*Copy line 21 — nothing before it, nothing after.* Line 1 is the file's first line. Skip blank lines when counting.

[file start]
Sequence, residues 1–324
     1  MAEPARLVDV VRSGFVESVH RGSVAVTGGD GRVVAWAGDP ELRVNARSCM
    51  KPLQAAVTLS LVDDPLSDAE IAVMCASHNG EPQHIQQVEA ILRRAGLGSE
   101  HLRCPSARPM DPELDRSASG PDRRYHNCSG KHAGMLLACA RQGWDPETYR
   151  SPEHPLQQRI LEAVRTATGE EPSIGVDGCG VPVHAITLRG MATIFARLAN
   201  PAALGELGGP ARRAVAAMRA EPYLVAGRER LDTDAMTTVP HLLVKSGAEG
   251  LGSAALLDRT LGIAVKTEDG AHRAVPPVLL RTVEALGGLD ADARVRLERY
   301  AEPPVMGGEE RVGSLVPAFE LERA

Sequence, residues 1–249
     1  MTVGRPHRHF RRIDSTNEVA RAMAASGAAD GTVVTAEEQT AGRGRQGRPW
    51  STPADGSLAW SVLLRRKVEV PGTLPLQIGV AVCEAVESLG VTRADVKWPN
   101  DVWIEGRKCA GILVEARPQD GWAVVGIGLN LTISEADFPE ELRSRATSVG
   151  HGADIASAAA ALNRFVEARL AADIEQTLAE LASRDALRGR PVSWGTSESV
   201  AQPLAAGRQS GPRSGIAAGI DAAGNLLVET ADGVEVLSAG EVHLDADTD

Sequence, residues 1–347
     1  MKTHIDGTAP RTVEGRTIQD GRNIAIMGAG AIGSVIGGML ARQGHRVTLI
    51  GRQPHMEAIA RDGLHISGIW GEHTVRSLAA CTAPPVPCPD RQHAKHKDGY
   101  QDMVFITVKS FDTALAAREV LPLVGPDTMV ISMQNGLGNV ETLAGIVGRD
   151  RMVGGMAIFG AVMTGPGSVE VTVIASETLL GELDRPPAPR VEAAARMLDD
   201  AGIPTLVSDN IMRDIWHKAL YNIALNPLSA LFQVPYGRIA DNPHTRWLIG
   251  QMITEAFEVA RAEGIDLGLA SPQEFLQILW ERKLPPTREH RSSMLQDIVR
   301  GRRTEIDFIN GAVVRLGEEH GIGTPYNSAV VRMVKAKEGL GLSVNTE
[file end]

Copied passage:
   251  QMITEAFEVA RAEGIDLGLA SPQEFLQILW ERKLPPTREH RSSMLQDIVR